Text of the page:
Will sex abuse redress scheme work without States and churches?
Commonwealth’s Bill on redress
Last month the Federal parliament finally introduced a Bill to establish a Commonwealth government-led redress scheme for survivors of institutional childhood sexual abuse.
One of the big unanswered questions is: how will the proposed redress scheme work without the support of State governments and non-government institutions?
Which institutions does the Bill apply to?
In its current form, the redress Bill only relates to the following institutions that were responsible for abuse:
- A Commonwealth institution;
- A participating Territory institution;
- A participating non-government institution of a Territory.
This would mean that survivors of abuse that occurred in a State government institution or non-government institution of a State would not be eligible to participate in the redress scheme.
At Ryan Carlisle Thomas, a large portion of our clients have been abused in institutions that were operated by the Victorian State government or a Victorian non-government institution such as a Church or school. The Bill as it stands would therefore exclude almost all of our current clients from participating in the redress scheme.
More broadly, according to some estimates, the current proposed Bill would exclude some 60,000 survivors nation-wide from participating in the redress scheme.
Why is the scope of the Bill so narrow?
Commonwealth Social Services Minister, Christian Porter MP, has said that the Bill is constrained by the fact that the Federal government does not have the Constitutional power to include the State governments in the Bill.
He said that following the introduction of the Bill into the Federal parliament, the onus would be on the State governments to refer their Constitutional power in relation to the redress scheme to the Federal parliament so that the scope of the redress scheme could be widened.
The States’ ability to refer powers to the Federal parliament is entirely voluntary. Thus, while the Federal parliament may strongly encourage the States to refer their powers in relation to the redress scheme, they do not have the power to compel the States to do this.
Furthermore, the Constitution allows for a situation where some States could refer their powers, while others could refuse to do so. If this occurred, the Federal parliament would have the ability to make laws that apply to the States who referred their powers, but not to the States that didn’t.
The response from the State governments to the Commonwealth-led redress scheme has been mixed since it was first announced in November 2016.
The Victorian and NSW governments have previously expressed theoretical support for the Commonwealth led redress scheme, but have not yet confirmed whether they will be referring their Constitutional powers regarding redress to the Federal parliament. Both the Victorian and NSW governments have sought further details regarding their liability under the scheme.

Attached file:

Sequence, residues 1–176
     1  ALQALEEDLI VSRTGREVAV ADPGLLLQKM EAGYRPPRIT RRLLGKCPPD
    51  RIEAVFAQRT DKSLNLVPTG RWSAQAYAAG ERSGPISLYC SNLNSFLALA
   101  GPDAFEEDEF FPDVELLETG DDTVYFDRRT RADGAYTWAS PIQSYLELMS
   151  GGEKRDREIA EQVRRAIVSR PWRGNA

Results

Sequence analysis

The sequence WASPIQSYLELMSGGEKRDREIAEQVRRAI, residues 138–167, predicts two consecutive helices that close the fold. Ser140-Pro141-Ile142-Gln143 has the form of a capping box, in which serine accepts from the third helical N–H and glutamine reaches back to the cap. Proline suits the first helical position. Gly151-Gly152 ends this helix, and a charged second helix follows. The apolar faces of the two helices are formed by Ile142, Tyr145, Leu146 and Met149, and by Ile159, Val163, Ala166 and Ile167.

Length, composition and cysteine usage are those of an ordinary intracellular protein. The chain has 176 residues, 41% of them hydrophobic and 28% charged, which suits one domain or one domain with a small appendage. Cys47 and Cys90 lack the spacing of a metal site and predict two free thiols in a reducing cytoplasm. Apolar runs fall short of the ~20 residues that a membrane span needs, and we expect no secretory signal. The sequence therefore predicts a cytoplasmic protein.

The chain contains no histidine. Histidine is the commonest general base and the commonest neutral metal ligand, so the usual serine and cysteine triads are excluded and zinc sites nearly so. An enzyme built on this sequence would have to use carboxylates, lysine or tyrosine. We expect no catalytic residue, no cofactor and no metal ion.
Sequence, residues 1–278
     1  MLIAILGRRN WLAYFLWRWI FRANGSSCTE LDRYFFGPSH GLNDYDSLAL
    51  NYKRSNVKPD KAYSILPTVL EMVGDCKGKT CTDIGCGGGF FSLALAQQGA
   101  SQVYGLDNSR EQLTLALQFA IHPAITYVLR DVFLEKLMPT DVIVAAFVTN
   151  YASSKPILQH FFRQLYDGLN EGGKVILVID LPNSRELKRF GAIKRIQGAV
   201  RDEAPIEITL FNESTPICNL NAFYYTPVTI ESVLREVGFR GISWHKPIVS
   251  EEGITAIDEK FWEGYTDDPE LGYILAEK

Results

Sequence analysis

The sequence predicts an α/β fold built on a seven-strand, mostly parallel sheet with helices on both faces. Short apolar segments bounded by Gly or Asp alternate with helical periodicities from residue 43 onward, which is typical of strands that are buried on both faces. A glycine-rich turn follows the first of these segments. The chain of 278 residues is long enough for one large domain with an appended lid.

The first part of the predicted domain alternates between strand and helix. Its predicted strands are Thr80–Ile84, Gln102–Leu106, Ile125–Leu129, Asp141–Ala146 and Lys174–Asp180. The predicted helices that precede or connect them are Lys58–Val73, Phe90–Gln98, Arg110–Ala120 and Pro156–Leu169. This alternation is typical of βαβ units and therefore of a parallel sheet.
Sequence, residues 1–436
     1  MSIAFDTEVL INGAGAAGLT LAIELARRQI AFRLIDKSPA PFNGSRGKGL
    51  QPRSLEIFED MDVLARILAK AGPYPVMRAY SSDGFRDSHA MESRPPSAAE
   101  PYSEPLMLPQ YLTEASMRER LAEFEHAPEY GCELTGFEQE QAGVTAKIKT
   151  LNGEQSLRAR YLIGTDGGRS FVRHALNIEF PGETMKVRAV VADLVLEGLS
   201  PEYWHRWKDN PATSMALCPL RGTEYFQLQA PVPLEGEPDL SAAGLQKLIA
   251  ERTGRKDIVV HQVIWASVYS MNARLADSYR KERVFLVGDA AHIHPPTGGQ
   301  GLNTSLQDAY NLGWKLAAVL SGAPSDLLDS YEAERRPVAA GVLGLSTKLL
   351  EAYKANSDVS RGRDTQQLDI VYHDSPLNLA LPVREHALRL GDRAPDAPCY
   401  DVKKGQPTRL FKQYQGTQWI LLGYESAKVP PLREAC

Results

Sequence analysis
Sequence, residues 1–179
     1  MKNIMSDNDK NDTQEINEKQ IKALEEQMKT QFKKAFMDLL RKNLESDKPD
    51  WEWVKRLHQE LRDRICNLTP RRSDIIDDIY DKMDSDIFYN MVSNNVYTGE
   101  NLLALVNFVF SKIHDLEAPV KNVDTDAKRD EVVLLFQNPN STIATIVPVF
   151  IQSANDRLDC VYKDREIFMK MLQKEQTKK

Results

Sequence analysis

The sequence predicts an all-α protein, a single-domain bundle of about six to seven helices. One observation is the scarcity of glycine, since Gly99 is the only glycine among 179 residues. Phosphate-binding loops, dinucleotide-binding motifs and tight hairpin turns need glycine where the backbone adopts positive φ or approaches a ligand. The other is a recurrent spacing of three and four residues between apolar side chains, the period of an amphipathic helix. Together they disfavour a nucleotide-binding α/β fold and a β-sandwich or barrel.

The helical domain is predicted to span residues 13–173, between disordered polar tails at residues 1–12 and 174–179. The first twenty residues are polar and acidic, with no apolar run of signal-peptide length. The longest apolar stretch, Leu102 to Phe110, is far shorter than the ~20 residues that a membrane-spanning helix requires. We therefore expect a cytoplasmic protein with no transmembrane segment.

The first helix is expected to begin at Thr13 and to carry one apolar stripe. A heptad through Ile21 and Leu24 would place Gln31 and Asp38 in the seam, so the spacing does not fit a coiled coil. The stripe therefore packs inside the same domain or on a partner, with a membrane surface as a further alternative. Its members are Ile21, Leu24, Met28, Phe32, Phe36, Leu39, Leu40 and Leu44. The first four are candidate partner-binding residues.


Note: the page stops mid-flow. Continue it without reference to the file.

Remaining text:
Other State governments have so far indicated that they are unlikely to participate in the redress scheme, particularly those that have already operated State-wide redress schemes such as South Australia.
What if the States do not agree?
It appears likely that survivors who were abused in States that do not agree to the referral of their Constitutional power will not be eligible to apply for redress through the Commonwealth-led scheme. This could leave many thousands of survivors in the lurch.
Further, early indications are that arguably the biggest non-government institution, the Catholic Church, would not opt into a national redress scheme unless there is nation-wide participation.
One of the Church’s most prominent figures, Mr Francis Sullivan of the Truth, Justice and Healing Commission, reiterated the Catholic Church’s theoretical commitment to the Commonwealth-led redress scheme, but stated that the advice received to date indicates that unless the States opted into the scheme, then the Churches and other non-government institutions in those States would not participate. Mr Sullivan said that until each State opts in to the scheme, the Catholic Church will not be in a position to opt in itself.
What does all of this mean for survivors?
Sadly, survivors are once again in a position where their fate is in the hands of the governments and non-government institutions who are responsible for their abuse. Survivors will no doubt nervously await the responses of the various State governments and non-government institutions to determine whether they will be entitled to seek redress.
In the event that some States do not agree to refer their Constitutional powers to the Federal parliament, this will likely mean that many non-government institutions, such as the Catholic Church, will also be unable or unwilling to participate.
This would mean that rather than the nation-wide scheme that survivors have long hoped for, they would instead be left with a disjointed scheme that affords rights to some and not to others, through no fault of their own.
Watch this space for further updates regarding the responses of the States and non-government institutions to the redress Bill.